I'm not sure what you mean by saying that before St. Augustine of Canterbury, Celtic (perhaps you mean British, since the Anglo-Saxons did not have much influence in places like Wales and especially Ireland) Christianity was closer to (Eastern) Orthodoxy. The Britons and the Anglo-Saxon Christians were all Orthodox. Sure, they had different liturgical rites and histories. But the rites of the Greeks and the Celts were quite different from each other. The Celts, by and large, used Latin. Actually, Rome in the 7th century was very close to Constantinople in many ways. The Old Roman chant of the period, for example, is the ancestor of later Byzantine and Gregorian chant.

Anyway, it's easy to read too much into St. Augustine's mission and the aftermath, and to interpret it in an anachronistic way, as a precursor to the high-handed medieval papacy. Pope St. Gregory himself probably did not have such visions of papal supremacy--especially given his dislike of the term "ecumenical patriarch," and his statement that a bishop who declares supremacy over all the Churches would be the forerunner of Antichrist. It is, however, the prerogative of a patriarch and his synod to oversee liturgical rites and episcopal appointments in the patriarchate. Because of political conditions, Britain, Ireland, Wales, and northern France had a kind of de facto autonomy--not really autocephaly, since there were clear links between those places and Rome--links of a subordinate nature (St. Wilfrid of York, a British bishop, himself appealed to the pope in his case against St. Theodore of Canterbury)--more so than between Rome and Spain at that time. While some of the outcomes of Whitby, for example, were perhaps unfortunate, I think that one can argue that problems were resolved relatively soon. There do not appear to have been lasting schisms between the Irish and Welsh and the Anglo-Saxons. And there clearly wasn't the kind of hostile takeover of the Celtic Churches that existed later with the Anglo-Saxon Church under William the Bastard.
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« Reply #4 on: June 25, 2010, 09:55:40 AM »

What was the relationship between ancient Celtic Christianity (pre-Augustine of Cantebury) and the Bishop of Rome?  

I recently read Bede's Ecclesiastical History, and now am reading several other contemporary works collected in _The Age of Bede_, and it is interesting to note the number of references to the bishop of Rome fulfilling the office of Peter, having authority over the whole Church, having the power of the keys, etc.  There is a real cult of Peter, who frequently is described as "Prince of the Apostles."  Rome is seen by Bede and others as having better, more truly Apostolic and orthodox traditions than say the old Irish and Briton churches, which are considered in error on many points.  Indeed, in one story regarding a difference between the old traditions and the newer ones brought from Rome, the bishops are asked, who is greater, St. Columba or St. Peter, to which is exlaimed: Peter!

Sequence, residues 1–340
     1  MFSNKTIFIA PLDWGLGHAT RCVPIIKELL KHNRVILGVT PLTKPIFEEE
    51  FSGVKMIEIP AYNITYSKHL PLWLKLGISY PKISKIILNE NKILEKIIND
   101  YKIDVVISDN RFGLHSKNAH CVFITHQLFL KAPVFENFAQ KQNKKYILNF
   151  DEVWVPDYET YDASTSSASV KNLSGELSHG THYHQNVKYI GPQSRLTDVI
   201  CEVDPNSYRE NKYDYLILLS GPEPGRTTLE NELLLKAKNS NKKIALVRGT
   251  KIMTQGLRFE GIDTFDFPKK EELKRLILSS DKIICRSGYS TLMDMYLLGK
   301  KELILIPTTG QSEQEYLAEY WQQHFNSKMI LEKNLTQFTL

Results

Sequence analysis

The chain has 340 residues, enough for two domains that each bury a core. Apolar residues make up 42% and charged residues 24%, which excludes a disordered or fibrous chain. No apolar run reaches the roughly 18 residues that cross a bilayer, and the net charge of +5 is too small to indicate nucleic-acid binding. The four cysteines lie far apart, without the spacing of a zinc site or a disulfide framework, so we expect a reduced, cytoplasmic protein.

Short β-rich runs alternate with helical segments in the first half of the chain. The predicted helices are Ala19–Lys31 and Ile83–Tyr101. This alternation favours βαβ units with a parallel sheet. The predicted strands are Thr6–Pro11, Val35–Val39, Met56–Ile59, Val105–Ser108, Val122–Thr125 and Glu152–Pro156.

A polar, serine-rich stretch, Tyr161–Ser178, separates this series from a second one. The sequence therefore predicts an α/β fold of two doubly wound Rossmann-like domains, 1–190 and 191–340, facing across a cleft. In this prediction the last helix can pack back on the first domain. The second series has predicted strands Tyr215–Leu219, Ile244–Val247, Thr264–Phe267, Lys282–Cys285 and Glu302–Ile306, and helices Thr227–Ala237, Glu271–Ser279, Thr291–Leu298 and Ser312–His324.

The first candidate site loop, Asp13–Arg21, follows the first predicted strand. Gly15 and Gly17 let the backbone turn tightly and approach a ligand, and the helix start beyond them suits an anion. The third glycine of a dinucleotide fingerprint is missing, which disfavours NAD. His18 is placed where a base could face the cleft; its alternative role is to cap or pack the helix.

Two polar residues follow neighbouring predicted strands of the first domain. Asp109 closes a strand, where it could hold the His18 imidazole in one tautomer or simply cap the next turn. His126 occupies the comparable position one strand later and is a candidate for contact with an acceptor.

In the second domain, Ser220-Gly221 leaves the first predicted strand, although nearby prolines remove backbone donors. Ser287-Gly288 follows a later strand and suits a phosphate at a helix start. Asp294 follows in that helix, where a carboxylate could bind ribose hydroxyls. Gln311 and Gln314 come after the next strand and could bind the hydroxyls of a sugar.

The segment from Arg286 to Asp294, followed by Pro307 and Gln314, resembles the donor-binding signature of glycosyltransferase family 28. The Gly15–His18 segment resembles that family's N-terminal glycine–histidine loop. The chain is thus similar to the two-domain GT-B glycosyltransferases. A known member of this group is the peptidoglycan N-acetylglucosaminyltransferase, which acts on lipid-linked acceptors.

It's often said that before the Irish were Romanized, they had their own unique form of Christianity, closer to (Eastern) Orthodoxy, so I'm interested in seeing if their views of Rome and the Bishop of Rome were in any way different.  



  

I'm not sure what you mean by saying that before St. Augustine of Canterbury, Celtic (perhaps you mean British, since the Anglo-Saxons did not have much influence in places like Wales and especially Ireland) Christianity was closer to (Eastern) Orthodoxy. The Britons and the Anglo-Saxon Christians were all Orthodox. Sure, they had different liturgical rites and histories. But the rites of the Greeks and the Celts were quite different from each other. The Celts, by and large, used Latin. Actually, Rome in the 7th century was very close to Constantinople in many ways. The Old Roman chant of the period, for example, is the ancestor of later Byzantine and Gregorian chant.